Story Pirates, Random House Children’s Books Reprise Second-Annual Creator Camp
Offering a treasure trove of interactive content for kids ages 5–12 this summer, Story Pirates has joined forces with Random House Children’s Books to reprise its Creator Camp. The virtual educational program will kick off on June 14, with seven weeks of themed activities—adventure, comedy, fantasy, comics, mystery, spy and superhero—designed to engage young readers’ minds and boost literacy skills.
“With their ability to entertain kids while also showing them the joy that can be had in writing and telling their own stories, the Story Pirates are truly one of a kind,” said Noreen Herits, executive director of publicity at Random House Children’s Books. “We are so excited to join forces with them on this virtual summer camp that will give young aspiring writers the chance to interact with 24 authors and illustrators, including fan favorites like Mary Pope Osborne and Chris Grabenstein.”
All the Words a Stage
A media company founded in 2004, Story Pirates was conceived in a New York City school auditorium where a group of performers created a sketch comedy show based on original stories created by kids. The group has gone on to produce a radio show, a podcast that has been streamed 30 million times, a live national tour, and a middle-grade book series published by Penguin Random House—a relationship that laid the groundwork for the Story Pirates Creator Camp.
“At Story Pirates, everything we do is centered around the belief that kids are creative geniuses,” said national producing director Glynis Brault. “We think that kids are so inherently funny, and way more imaginative than adults most of the time. Our mission is to celebrate that and amplify their words, ideas, and stories.”
Last summer, the nine-week program attracted more than 2,500 participants, offering a viable alternative to traditional day camp amid the pandemic. “We wanted to give kids and families something silly and fun they could do from home, knowing they wouldn’t get to attend camp in person,” Brault said. While she is cognizant of the fact that this year’s series would not run as long and the attendee list would not be as robust, she believes that the choice to offer morning-only sessions is a more appealing option for busy families. With sessions scheduled on Monday, Wednesday and Friday mornings, registered participants can supplement literacy-based adventures with suggested outdoor activities in the afternoon.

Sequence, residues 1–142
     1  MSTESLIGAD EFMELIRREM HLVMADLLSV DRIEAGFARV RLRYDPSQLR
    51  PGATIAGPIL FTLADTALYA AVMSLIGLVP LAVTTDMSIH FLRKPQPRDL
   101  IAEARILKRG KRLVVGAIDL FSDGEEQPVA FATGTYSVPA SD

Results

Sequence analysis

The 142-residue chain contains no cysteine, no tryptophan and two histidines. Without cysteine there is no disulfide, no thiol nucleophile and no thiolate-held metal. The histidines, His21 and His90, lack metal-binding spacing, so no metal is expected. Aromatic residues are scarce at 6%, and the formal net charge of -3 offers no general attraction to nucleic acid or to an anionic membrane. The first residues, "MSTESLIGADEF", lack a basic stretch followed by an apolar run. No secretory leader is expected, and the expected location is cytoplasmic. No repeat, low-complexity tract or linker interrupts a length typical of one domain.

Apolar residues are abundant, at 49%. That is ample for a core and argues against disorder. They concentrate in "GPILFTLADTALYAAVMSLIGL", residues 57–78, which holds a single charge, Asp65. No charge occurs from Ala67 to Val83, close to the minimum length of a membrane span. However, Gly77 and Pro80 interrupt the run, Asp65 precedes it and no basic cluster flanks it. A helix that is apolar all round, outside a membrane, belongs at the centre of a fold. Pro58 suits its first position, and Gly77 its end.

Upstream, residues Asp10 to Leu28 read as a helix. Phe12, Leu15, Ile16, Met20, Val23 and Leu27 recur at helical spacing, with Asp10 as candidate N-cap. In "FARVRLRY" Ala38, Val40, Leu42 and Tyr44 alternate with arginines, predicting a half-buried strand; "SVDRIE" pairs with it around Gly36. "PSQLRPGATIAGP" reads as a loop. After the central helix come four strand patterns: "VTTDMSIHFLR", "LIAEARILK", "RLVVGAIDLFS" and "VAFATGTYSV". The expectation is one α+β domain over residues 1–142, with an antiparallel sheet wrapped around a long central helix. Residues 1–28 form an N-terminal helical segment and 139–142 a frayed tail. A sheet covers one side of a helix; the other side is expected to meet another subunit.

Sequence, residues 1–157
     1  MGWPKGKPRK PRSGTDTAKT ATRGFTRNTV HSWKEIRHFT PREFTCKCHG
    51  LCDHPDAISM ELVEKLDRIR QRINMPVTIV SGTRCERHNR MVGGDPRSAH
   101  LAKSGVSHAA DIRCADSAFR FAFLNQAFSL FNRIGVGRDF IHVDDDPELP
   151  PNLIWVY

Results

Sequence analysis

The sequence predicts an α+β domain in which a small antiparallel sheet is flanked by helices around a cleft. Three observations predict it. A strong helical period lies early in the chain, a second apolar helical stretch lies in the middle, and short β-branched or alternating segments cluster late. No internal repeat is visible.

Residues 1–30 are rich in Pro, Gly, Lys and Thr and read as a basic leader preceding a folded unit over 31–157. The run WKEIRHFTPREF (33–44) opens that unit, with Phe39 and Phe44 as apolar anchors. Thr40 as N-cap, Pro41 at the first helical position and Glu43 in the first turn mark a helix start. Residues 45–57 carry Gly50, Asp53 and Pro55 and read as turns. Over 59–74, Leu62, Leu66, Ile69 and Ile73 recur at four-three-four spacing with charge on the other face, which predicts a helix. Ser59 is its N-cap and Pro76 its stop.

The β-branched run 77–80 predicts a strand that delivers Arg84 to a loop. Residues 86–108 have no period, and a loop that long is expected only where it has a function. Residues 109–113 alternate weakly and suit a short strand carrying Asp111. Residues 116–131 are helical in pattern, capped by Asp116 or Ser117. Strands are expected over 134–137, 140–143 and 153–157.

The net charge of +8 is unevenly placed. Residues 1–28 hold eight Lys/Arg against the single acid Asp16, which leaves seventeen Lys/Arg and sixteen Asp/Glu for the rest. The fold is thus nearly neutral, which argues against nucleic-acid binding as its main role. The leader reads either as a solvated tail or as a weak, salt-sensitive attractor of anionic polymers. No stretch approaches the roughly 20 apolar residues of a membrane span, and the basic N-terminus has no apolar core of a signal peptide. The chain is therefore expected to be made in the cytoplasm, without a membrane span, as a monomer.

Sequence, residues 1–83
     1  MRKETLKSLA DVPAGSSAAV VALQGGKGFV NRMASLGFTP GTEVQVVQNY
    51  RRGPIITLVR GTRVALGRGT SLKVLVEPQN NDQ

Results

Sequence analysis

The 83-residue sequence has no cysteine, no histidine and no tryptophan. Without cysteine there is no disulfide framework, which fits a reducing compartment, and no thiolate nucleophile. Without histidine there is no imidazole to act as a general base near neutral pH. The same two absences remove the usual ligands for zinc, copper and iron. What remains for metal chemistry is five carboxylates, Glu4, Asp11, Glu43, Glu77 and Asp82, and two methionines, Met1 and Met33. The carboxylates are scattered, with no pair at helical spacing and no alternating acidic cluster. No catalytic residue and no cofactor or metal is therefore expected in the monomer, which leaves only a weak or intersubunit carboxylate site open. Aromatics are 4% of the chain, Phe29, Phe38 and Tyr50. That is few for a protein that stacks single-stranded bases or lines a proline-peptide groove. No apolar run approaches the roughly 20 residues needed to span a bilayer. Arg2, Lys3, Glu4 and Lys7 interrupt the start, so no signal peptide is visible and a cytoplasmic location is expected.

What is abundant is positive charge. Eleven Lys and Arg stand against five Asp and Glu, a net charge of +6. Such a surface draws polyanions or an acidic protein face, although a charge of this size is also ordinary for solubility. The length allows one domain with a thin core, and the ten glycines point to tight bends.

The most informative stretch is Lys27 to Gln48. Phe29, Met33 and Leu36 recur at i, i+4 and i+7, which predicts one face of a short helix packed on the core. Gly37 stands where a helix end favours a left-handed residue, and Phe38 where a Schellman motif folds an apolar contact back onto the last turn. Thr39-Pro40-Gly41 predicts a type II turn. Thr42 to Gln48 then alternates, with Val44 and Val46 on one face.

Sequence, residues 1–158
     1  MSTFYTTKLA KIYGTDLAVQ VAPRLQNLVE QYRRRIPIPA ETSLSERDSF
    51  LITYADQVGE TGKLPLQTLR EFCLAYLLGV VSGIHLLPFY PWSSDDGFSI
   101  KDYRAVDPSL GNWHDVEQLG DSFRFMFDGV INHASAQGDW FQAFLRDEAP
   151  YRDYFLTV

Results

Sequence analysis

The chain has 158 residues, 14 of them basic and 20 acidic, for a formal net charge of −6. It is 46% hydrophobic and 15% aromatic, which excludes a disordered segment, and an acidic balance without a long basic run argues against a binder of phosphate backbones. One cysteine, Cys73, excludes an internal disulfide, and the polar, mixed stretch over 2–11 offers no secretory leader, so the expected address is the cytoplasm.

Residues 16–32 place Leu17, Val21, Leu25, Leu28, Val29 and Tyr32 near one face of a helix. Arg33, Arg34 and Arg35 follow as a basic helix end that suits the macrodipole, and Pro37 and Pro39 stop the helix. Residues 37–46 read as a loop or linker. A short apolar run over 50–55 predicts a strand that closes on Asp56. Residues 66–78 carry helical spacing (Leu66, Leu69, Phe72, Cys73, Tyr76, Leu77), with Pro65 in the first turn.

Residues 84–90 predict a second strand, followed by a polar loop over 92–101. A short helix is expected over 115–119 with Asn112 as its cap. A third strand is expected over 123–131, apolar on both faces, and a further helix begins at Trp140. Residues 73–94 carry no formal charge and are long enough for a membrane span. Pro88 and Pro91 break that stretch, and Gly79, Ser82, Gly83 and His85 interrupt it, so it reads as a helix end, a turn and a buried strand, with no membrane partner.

Building on the previous year’s agenda, Creator Camp will include incorporate live drawing, which was a popular component with kids of all ages. Brault noted how “having some of the most talented children’s book illustrators draw while kids are calling out ideas and suggestions was really special, and something we wanted to make sure we had the opportunity to do again.”
Also piggybacking on the success of last summer’s model, select authors—including several returning guests, such as Osborne, Grabenstein, Judd Winick, Sarah Sax, and Theanne Griffith—will be on hand to share their creative processes and field questions from inquisitive campers. The first week, June 14–18, follows an adventure theme, “Where in the World Is Rolo Vincent?,” and features Osborne, Griffith and Courtney Sheinmel. “I vividly remember as a child being fascinated and enthralled by kids’ programming featuring adults doing silly things,” Griffith said. “How cool would it have been to be a participant on one of those shows? Well, now I get to do just that!” The complete list of authors/illustrators can be found here.
Following each session, campers can download Story Sparks ideas and activities to extend their experience and access book bundles (included with their registration fee) curated by Story Pirates and Random House. “We’ve been discussing building out a wider network of independent booksellers and librarians to work with to make the book bundles and camp livestreams available for those channels as well,” Brault added.
While Random House is helping coordinate Creator Camp’s outreach with schools and libraries, Story Pirates is also tapping partner schools that have hosted in-school programs prior to the pandemic. Brault is excited by the ability to bring the new roster of authors to students whom Story Pirates has not been able to connect with this past year.
For parents concerned about the myriad educational setbacks their children have endured during the pandemic, Story Pirates Creator Camp aims to fill in the gaps with enrichment and entertaining content. “Many of the fun interactive activities we do in camp are really connected to the building blocks of story writing, such as creating a character, describing a setting, and identifying a problem,” Brault explained. “We have a way of making writing and learning feel like fun for kids, which is a great way to keep them learning over the summer.”